“the principle target of an ICBM was arguably an enemy ICBM silo”–Does anyone actually believe that? With MIRVed missiles and 20,000 warheads it would have been a mathematical impossibility for the principle targets to be ICBM silos. Targeteers were targeting military related industries, important road crossings, and, tacitly, population centers.

    • John Schilling (History)

      I suppose “A Complete Stranger” might in fact be a former targeteer revealing firsthand knowledge in such matters – it would justify the anonymity – but I suspect a fair degree of speculation is at work. As for the numbers, the United States never deployed more than 2,500 ICBM warheads, vs. approximately 1,400 Soviet ICBM silos at the height of the Cold War. And an ICBM silo is the sort of target you really do want to at least double up on if you are going to target it at all.

      There is also the small matter that the United States in particular invested a great deal in developing ICBMs far more accurate than would be needed against industrial sites, transportation nodes, or population centers. So yes, some of us do believe that the principle target of an ICBM was at the height of the Cold War an enemy ICBM silo.

  7. Barry Blechman (History)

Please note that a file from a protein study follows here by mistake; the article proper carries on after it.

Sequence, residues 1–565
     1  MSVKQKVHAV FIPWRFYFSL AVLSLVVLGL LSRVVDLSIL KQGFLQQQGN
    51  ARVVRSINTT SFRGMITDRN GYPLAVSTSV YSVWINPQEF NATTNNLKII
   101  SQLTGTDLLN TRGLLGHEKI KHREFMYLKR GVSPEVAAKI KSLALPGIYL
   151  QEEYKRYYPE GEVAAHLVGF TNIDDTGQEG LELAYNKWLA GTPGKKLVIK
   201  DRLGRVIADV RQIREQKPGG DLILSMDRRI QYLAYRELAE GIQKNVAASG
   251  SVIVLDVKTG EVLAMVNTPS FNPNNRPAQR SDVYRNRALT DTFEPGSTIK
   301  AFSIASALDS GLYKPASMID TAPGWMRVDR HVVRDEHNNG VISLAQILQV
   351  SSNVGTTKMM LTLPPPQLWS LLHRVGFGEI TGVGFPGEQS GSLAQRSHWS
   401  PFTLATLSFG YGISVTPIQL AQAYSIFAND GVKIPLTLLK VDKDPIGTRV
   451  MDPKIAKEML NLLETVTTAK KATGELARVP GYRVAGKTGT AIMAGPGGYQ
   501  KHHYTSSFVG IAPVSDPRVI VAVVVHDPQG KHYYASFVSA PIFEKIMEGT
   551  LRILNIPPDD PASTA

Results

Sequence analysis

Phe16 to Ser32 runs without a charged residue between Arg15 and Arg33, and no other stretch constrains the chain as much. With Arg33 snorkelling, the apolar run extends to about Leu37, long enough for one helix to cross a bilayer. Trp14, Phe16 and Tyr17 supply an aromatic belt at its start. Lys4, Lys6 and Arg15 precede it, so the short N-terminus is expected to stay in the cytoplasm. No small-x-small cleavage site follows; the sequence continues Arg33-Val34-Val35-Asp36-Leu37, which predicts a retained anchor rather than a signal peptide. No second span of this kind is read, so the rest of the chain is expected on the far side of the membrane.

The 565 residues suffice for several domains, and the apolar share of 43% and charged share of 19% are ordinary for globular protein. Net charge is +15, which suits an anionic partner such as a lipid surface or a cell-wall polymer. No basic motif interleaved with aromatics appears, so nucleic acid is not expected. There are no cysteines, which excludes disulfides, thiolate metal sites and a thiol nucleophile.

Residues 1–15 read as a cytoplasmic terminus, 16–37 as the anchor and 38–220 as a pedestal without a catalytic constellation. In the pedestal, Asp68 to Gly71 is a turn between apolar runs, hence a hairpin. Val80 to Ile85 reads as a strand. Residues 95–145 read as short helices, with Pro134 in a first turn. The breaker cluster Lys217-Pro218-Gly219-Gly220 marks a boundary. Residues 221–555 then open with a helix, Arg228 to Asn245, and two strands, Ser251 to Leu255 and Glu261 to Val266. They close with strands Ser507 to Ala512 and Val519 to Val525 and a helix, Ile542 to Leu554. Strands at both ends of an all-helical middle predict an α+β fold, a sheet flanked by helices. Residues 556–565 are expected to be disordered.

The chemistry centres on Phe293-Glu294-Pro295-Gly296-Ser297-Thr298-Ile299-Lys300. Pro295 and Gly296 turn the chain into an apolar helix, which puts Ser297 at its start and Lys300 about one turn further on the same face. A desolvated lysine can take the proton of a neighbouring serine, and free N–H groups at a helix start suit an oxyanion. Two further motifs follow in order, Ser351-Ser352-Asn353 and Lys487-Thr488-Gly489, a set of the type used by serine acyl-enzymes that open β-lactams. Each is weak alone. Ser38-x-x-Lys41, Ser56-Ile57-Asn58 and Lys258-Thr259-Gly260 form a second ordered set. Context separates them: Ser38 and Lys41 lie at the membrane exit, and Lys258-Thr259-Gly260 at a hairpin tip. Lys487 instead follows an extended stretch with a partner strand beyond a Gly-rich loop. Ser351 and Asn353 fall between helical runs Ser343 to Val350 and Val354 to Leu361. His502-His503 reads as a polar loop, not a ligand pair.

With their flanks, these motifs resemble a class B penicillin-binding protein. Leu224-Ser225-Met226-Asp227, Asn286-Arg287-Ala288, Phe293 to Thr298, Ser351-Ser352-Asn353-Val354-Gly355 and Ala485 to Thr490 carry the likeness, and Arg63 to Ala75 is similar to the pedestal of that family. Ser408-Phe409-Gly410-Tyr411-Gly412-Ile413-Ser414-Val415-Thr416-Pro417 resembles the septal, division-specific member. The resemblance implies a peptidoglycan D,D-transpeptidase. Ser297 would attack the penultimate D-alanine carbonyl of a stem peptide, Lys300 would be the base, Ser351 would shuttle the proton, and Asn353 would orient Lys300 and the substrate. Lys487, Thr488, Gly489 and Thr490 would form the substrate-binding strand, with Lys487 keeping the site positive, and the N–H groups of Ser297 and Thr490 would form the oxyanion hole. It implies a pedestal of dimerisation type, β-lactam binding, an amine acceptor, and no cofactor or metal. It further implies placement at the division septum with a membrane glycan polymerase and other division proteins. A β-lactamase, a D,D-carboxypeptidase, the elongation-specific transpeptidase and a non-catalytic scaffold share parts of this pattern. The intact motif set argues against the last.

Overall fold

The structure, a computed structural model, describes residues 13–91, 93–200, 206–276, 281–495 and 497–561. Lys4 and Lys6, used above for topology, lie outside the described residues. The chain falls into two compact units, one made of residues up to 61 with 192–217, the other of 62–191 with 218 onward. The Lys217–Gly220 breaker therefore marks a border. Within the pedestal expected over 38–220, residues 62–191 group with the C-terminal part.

Your best posting, EVER, Jeffrey.

  8. Melissa (History)
  9. A Complete Stranger (History)

    I never claimed to be anything other than a stranger but I haven’t forgotten about SLBMs or bombers or the unlikelihood that the US would launch a first strike and the US targeteers wouldn’t have either.

  10. Nick Ritchie (History)

    Militant ideologues never let a good fact get in the way of their argument. Bolton represents the more extreme manifestation not of a sub-culture, but of a popular culture that valorises strategic weaponry per se, and primacy in particular, in all its guises as a vital part of, if not the, solution to political challenges.

  11. MK (History)

    Mac Destler, Les Gelb and Tony Lake defined an ideologue (in Our Own Worst Enemy) as someone “who knows the answers before he knows the facts.”

    The ideological animus John Bolton & Paula DeSutter hold against arms control is so great that they are now joining Russian revanchists to oppose Ronald Reagan’s INF Treaty. Go figure.

  12. Theresa Hitchens (History)

    Really, one of the funniest and most out of the box arms control-related analyses I’ve seen since Janne Nolan’s famous 2000 “Godzilla” essay. Congrats Jeffrey!